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Developer blames finance industry "mess" for Five Mile woes

Developer Dave Henderson says the receivership of his Five Mile Holdings project in Queenstown is symptomatic of the "mess" the finance industry is in.

Yesterday Hanover Finance said it had instructed security trustee FMH Nominees to appoint a receiver "as a result of un-remedied loan defaults".

Mr Henderson, the subject of a feature film about his four-year successful battle with Inland Revenue over tax payments, said lender Hanover and secondary lenders, NZ Castle of the US and Auckland financier Martin Reesby, had all threatened receivership.

He is also facing a liquidation application against Five Mile Holdings and its parent, Property Ventures. Christchurch crane-hire company Smith Crane and Construction applied in May for the liquidation to recover a "significant six-figure" amount, according to Fairfax Media's Business Day.

Hanover said the defaults arose several months ago and the finance company had been working with the borrower to determine a suitable way forward.

"However, as a result of other third party creditors commencing legal action against Five Mile Holdings, and enforcement action against other Property Ventures Limited companies (the parent of Five Mile Holdings), Hanover Finance believes it is in the best interests of its investors and other stakeholders to exercise its rights as a secured creditor."

Accordingly, a receiver was yesterday appointed to Five Mile Holdings so that the assets could be best managed for all interested parties and the loan repaid in due course.

Today Mr Henderson said he did not know what would happen to the Five Mile project now.

"No one's been in touch with me about it since these events rolled out," he told Radio New Zealand.

"The whole thing is symptomatic of the mess that the finance industry's in and Hanover's actions are symptomatic of the desperation that starts to filter through these companies."

He was in the middle of a plan change process for Five Mile initiated by the Queenstown Lakes District Council, which started on Monday and was scheduled to last for two weeks.

"It's something we've been working on and poured a lot of money into over the last five years."

Asked if pouring money into that had meant his company had been unable to pay contractors for work, he replied, "no, not at all". "All this was budgeted and all this was planned," Mr Henderson said.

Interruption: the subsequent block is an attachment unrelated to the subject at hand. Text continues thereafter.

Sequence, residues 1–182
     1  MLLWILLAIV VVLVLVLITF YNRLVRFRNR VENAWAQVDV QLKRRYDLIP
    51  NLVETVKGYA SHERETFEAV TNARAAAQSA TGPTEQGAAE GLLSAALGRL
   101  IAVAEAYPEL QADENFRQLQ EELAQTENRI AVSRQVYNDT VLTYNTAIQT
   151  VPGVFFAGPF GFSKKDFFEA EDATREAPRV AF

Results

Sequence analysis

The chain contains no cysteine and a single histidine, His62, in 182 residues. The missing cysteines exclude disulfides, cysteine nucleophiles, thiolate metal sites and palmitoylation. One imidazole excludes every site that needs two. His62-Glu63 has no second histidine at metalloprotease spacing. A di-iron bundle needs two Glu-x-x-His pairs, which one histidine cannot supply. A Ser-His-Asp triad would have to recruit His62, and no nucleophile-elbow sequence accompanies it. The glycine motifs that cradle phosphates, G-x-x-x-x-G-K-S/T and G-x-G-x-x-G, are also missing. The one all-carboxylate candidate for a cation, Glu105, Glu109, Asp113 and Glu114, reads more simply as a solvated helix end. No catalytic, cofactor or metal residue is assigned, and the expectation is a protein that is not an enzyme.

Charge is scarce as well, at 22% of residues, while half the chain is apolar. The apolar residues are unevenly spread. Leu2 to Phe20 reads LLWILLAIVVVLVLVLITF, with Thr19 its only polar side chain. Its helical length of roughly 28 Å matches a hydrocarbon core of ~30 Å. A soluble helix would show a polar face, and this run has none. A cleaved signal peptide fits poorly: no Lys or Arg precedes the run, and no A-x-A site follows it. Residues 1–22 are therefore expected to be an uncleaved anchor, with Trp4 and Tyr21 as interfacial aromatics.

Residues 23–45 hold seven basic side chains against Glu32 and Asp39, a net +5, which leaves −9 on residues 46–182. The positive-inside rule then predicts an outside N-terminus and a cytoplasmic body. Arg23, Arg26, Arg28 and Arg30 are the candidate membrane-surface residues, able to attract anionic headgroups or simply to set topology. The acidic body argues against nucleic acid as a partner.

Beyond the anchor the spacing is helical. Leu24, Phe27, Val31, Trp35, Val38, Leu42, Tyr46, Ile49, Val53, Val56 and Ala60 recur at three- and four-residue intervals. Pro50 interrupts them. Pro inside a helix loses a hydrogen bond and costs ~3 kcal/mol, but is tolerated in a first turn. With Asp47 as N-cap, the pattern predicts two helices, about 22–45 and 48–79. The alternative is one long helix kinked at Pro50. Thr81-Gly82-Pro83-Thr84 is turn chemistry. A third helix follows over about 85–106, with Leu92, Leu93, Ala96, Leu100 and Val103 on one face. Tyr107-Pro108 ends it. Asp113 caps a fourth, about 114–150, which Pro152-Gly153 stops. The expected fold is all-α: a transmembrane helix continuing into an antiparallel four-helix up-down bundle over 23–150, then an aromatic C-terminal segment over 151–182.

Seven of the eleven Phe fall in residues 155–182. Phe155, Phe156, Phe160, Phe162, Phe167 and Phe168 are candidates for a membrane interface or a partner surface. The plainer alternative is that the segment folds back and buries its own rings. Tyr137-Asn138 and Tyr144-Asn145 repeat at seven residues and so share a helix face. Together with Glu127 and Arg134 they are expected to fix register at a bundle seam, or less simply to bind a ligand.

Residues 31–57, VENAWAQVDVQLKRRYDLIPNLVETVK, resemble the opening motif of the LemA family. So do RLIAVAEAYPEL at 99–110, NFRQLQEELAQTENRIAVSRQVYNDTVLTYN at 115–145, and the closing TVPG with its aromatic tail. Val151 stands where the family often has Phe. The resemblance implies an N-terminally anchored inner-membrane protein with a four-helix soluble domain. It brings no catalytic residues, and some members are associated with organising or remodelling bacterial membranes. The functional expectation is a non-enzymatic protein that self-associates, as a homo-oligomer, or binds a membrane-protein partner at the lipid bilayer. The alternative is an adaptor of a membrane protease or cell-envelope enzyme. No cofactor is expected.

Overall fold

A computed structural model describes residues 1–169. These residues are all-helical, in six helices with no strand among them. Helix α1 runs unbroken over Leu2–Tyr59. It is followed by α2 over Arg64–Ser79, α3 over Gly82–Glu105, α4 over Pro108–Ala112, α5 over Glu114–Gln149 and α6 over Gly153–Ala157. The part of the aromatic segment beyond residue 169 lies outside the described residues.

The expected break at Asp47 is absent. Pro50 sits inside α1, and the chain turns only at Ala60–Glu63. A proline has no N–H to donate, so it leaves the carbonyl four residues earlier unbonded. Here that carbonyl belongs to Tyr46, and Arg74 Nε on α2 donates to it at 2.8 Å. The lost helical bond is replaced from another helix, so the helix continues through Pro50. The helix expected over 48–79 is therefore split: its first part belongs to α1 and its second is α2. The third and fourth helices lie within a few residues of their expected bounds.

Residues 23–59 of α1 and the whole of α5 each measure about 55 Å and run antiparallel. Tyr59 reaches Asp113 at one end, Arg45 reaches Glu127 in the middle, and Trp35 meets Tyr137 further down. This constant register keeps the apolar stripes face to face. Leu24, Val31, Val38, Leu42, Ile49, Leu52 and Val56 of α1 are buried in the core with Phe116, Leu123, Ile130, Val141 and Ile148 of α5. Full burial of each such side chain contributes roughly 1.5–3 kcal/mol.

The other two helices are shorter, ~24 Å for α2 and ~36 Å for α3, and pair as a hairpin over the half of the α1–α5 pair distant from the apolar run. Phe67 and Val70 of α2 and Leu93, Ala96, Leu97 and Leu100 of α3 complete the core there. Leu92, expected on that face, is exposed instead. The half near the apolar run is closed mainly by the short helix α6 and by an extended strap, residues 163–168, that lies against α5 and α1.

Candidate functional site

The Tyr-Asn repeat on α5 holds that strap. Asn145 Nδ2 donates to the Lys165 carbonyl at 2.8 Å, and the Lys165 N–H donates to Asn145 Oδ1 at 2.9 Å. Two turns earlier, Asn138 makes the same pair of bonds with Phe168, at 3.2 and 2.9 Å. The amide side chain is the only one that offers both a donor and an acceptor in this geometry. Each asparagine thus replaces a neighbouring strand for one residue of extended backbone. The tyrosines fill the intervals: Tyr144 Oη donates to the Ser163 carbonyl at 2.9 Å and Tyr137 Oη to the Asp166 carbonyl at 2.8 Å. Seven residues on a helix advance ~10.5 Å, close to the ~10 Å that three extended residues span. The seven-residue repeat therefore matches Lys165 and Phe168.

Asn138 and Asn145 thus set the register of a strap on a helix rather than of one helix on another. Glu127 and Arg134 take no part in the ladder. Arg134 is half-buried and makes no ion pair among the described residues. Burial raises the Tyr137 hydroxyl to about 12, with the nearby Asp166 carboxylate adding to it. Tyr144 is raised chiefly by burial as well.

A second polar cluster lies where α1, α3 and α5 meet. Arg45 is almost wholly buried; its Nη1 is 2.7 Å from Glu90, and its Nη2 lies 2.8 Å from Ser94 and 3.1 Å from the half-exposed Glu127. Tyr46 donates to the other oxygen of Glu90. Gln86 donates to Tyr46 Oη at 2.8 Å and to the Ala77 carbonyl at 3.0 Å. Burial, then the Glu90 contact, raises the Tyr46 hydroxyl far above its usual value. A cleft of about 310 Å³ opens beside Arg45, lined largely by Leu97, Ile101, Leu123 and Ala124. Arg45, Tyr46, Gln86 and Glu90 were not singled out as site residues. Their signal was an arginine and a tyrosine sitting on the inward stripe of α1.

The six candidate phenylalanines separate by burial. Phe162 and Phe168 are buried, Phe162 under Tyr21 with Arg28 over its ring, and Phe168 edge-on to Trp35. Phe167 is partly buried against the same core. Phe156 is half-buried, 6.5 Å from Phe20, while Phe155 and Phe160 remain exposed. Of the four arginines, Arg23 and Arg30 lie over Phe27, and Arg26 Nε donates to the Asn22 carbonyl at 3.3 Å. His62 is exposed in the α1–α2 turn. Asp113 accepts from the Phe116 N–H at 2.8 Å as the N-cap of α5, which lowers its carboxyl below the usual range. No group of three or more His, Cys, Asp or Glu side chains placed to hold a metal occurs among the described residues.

The New Zealand Herald reported today that Hanover had taken action over a $70 million loan in default.

Mr Henderson disputed Hanover's claims about payment defaults.

"There's been a whole bunch of arguments in the last eight months, with reassurances from Hanover that they would provide us with additional funds. Whether we defaulted is debatable because of the arrangements between the parties," the Herald reported Mr Henderson saying.

Talking to Radio NZ today, Mr Henderson said that it was not, in fact, Hanover that had put Five Mile into receivership.

Hanover was unable to do that because on June 30 Hanover had sold the loan to a company associated with an Australian finance company called Fortress.

"As recently as three weeks ago Hanover were desperately trying to do a deal with me ... Offering to lend me more money if I signed some agreements and documents with them," Mr Henderson said.

"There's an issue with a number of people there that we've had, as a consequence of what we see as breaches of agreements with Hanover that go back almost a year now, where Hanover had undertaken to make further advances to us for this development. That hasn't happened."

Five Mile is an ambitious project to build a high-density township for 10,000 people in Frankton, near Queenstown Airport. It would cost hundreds of millions to build and was expected to have a value of $2 billion when finished, although those values were given when the property market was buoyant.

The development was in the early stages with a large hole dug where an underground carpark has started to be built.

It is understood the Five Mile project is now in the hands of another big Queenstown developer, Nigel McKenna, who is involved in a billion dollar hotel development project, Kawarau Falls, slated to build up to four hotels.

Mr McKenna's Melview Developments is building the first hotel, The Westin Queenstown, due to be finished next year. Construction of an Intercontinental Hotel and The Quadrant are due to start later this year.

The four-year Kawarau Falls Station project on a 7 hectare waterfront site was due to be finished in 2011.

Under the receivers, the Five Mile project is expected to initially proceed with a supermarket development with related commercial and residential building, but is likely to be hugely scaled back on what Mr Henderson planned.

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Comments and questions
1

Sad about Dave and his ilk finding themselves in the position they are. NZ needs such visionaries and Dave has contributed so much to city's such as Christchurch.

I just hope he can rise from the ashes and continue his stirling work.